Cuba's former president of nearly fifty years, Fidel Castro, died on Friday according to a televised statement by his brother and current Cuban President, Raúl. World leaders have responded to Castro's death in varied ways, as Castro and his reign are among the most controversial in history. President Obama's statement on Fidel Castro's death, released by The White House Saturday morning, captures the complexity of the U.S.'s relationship to Cuba, as well as the people of Cuba's feelings about Castro.
President Obama's full statement reads as follows:
At this time of Fidel Castro’s passing, we extend a hand of friendship to the Cuban people. We know that this moment fills Cubans - in Cuba and in the United States - with powerful emotions, recalling the countless ways in which Fidel Castro altered the course of individual lives, families, and of the Cuban nation. History will record and judge the enormous impact of this singular figure on the people and world around him.
For nearly six decades, the relationship between the United States and Cuba was marked by discord and profound political disagreements. During my presidency, we have worked hard to put the past behind us, pursuing a future in which the relationship between our two countries is defined not by our differences but by the many things that we share as neighbors and friends - bonds of family, culture, commerce, and common humanity. This engagement includes the contributions of Cuban Americans, who have done so much for our country and who care deeply about their loved ones in Cuba.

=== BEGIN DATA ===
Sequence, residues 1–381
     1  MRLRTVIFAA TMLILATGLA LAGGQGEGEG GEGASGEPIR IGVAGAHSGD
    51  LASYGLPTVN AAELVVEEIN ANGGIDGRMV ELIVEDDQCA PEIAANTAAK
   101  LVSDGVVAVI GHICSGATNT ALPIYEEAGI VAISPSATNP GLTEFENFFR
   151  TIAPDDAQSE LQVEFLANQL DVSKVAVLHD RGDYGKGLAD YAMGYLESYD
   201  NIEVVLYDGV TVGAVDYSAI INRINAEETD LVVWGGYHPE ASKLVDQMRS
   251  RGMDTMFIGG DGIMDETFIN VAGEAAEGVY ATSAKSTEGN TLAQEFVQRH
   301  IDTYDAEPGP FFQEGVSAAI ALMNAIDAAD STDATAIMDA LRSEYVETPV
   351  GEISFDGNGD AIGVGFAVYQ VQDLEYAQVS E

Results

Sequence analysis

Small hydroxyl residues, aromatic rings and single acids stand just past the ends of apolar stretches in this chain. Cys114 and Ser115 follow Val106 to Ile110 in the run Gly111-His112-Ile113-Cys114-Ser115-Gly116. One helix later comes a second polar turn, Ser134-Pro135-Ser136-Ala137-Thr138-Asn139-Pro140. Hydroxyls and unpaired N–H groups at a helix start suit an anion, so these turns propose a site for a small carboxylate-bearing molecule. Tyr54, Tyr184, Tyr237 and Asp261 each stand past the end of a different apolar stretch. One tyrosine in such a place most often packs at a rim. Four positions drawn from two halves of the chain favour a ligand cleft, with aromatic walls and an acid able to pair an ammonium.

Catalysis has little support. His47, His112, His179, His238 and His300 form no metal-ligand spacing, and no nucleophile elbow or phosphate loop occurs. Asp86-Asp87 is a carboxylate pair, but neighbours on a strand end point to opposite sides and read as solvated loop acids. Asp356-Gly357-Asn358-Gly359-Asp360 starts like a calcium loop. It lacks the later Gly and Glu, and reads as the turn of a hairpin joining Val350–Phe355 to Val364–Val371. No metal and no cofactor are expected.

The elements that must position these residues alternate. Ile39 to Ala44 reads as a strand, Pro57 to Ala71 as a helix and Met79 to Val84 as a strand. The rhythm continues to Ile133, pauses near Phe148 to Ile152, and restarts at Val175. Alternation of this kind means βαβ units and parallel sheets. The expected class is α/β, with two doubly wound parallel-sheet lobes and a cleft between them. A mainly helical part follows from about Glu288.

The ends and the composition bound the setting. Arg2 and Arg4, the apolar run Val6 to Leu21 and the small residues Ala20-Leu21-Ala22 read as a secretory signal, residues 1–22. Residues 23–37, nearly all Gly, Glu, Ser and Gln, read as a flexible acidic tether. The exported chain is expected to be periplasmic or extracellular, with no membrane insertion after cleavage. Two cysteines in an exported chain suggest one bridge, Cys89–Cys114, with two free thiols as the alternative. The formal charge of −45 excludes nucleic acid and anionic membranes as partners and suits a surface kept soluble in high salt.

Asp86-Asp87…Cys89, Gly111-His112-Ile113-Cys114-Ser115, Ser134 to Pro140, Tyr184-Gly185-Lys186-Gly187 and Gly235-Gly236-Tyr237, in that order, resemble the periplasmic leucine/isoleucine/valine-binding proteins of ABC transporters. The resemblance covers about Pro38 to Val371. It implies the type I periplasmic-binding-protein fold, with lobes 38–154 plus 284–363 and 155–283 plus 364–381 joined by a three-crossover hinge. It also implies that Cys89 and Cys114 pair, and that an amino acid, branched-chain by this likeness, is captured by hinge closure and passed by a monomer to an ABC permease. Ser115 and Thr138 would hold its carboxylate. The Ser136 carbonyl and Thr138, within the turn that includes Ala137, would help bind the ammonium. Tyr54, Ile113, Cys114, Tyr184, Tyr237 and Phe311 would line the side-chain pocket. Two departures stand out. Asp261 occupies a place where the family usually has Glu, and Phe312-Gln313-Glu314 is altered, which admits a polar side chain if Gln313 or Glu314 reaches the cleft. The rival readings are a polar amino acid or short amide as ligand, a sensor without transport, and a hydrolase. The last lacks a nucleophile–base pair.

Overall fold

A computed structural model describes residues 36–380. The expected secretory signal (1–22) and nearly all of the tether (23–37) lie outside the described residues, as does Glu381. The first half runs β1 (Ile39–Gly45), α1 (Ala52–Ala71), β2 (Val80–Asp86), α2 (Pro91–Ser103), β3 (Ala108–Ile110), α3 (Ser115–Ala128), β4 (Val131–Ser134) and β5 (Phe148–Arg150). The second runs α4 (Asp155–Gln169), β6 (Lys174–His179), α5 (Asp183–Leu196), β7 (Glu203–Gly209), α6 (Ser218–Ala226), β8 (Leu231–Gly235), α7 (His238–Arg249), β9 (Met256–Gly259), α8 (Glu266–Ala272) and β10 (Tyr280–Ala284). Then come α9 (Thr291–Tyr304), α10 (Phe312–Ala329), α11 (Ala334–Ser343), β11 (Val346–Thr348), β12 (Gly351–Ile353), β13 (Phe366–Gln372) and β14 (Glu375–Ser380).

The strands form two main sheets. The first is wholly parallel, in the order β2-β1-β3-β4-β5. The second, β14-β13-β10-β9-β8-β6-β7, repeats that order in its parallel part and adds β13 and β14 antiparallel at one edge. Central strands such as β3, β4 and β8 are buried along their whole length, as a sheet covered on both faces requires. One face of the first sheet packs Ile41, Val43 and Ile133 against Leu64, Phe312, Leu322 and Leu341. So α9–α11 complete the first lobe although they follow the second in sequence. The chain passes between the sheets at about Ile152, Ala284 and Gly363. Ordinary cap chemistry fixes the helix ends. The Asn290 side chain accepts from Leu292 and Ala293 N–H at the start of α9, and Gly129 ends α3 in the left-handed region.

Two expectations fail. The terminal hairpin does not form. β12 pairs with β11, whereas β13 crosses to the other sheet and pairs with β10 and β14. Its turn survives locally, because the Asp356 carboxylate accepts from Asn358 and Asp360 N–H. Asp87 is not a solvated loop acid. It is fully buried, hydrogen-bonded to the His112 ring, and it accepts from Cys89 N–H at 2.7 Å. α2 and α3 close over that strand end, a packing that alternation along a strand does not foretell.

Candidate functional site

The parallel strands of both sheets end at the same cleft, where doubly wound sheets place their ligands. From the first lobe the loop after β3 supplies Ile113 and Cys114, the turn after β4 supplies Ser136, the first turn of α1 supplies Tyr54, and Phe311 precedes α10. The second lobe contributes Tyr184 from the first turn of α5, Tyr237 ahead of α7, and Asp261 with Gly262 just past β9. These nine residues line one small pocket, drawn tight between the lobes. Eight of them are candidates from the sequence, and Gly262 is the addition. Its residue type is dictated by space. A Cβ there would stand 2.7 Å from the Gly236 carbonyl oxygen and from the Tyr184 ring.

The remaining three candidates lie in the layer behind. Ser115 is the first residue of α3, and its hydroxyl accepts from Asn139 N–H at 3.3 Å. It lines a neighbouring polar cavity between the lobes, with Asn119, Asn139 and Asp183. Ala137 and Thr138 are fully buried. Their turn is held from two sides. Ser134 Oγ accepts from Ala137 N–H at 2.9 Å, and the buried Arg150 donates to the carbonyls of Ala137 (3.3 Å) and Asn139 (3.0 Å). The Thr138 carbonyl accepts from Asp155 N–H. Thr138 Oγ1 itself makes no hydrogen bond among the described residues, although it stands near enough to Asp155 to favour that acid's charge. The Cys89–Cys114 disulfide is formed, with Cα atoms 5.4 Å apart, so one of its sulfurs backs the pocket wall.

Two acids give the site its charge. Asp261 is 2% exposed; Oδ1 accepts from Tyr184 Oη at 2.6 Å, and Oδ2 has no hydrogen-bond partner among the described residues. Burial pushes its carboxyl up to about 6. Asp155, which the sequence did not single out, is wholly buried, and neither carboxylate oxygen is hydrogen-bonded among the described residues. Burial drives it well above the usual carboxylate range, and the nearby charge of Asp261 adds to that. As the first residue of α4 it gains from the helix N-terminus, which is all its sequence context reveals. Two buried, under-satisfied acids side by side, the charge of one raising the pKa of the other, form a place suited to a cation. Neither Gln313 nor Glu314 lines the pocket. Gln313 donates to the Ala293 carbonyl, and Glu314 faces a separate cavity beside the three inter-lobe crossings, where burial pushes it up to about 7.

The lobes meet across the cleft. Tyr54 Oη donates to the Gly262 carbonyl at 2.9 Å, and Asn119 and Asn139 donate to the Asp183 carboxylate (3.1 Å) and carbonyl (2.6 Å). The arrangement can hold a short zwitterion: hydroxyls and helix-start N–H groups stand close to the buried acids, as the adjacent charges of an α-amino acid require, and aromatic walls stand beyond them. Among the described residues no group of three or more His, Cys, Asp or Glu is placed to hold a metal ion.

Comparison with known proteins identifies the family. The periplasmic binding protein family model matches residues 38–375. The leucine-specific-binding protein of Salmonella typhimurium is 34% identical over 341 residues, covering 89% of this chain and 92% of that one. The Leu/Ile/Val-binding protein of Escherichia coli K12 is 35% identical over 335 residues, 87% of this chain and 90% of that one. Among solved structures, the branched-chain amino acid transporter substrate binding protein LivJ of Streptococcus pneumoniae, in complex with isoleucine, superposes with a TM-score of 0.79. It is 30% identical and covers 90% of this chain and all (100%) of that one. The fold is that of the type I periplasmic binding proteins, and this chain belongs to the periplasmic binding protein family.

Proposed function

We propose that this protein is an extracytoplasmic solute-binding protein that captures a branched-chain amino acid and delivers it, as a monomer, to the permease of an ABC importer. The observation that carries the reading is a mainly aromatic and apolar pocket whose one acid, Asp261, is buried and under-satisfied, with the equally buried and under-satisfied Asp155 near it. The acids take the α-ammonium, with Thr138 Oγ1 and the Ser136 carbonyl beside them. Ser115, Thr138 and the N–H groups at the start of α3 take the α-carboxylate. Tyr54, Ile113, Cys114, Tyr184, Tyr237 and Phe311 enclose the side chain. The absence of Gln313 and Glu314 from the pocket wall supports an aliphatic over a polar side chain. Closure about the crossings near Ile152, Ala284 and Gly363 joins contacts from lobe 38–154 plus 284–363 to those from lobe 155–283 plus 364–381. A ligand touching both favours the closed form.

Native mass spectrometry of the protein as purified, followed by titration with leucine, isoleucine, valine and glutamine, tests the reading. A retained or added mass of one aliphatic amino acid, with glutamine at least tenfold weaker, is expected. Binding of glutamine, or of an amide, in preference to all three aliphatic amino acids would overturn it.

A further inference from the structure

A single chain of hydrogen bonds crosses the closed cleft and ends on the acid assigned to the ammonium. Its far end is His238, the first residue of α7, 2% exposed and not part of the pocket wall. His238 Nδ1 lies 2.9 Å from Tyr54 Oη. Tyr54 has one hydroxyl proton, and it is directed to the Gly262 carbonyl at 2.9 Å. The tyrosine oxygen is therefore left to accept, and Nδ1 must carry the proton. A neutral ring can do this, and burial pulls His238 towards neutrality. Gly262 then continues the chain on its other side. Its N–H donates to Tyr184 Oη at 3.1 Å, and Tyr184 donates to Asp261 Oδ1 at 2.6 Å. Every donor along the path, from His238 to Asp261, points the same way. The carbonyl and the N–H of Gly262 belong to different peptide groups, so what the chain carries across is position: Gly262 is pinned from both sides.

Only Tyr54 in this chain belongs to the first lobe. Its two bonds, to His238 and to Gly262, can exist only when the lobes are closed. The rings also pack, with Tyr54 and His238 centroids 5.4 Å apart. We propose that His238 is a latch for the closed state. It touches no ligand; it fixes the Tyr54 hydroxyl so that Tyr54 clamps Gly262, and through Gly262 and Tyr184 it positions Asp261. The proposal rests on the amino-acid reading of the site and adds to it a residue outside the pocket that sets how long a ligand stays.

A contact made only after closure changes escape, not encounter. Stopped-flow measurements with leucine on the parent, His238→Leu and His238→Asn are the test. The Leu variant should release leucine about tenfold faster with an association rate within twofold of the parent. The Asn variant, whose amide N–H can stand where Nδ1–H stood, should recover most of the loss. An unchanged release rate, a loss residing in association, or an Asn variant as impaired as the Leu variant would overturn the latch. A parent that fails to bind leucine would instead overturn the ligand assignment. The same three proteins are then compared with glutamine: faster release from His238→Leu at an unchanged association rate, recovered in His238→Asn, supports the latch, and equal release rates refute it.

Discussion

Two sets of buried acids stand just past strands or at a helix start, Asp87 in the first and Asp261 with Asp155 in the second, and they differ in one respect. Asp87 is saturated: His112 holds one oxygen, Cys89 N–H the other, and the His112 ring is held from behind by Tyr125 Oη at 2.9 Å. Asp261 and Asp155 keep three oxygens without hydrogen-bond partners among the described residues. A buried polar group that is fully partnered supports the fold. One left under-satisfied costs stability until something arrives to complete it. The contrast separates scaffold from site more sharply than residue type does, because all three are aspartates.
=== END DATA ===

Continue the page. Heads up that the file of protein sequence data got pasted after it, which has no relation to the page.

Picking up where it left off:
Today, we offer condolences to Fidel Castro's family, and our thoughts and prayers are with the Cuban people. In the days ahead, they will recall the past and also look to the future. As they do, the Cuban people must know that they have a friend and partner in the United States of America.
In March of 2016, President Obama became the first sitting president since before World War II to travel to Cuba. The entire Obama family took a trip to Havana, where he met with Raúl Castro. Both leaders had been invested, throughout Obama's presidency, to restore relations between the two countries, which have been fraught with tensions for decades. Obama had intended to lift travel restrictions and the embargo on trade that's defined U.S.-Cuba relations for the better part of the 21st century.
With those tasks left incomplete and Obama's presidency nearly at its end, the fate of U.S.-Cuba relations lies in the hands of Obama's successor, Donald Trump. And with Raúl Castro expected to step down from the presidency in 2018, Trump may not make headway until a new leader comes to power.